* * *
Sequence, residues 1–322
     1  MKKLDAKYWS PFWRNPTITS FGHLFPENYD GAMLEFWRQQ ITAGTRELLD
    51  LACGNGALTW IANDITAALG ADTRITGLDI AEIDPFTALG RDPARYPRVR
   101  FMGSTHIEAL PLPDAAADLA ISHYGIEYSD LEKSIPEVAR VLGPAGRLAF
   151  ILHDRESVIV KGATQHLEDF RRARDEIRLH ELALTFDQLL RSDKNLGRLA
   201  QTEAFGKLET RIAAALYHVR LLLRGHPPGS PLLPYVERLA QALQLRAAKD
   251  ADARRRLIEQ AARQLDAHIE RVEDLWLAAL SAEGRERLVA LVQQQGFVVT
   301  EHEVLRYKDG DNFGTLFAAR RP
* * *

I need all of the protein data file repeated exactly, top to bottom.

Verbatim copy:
Sequence, residues 1–322
     1  MKKLDAKYWS PFWRNPTITS FGHLFPENYD GAMLEFWRQQ ITAGTRELLD
    51  LACGNGALTW IANDITAALG ADTRITGLDI AEIDPFTALG RDPARYPRVR
   101  FMGSTHIEAL PLPDAAADLA ISHYGIEYSD LEKSIPEVAR VLGPAGRLAF
   151  ILHDRESVIV KGATQHLEDF RRARDEIRLH ELALTFDQLL RSDKNLGRLA
   201  QTEAFGKLET RIAAALYHVR LLLRGHPPGS PLLPYVERLA QALQLRAAKD
   251  ADARRRLIEQ AARQLDAHIE RVEDLWLAAL SAEGRERLVA LVQQQGFVVT
   301  EHEVLRYKDG DNFGTLFAAR RP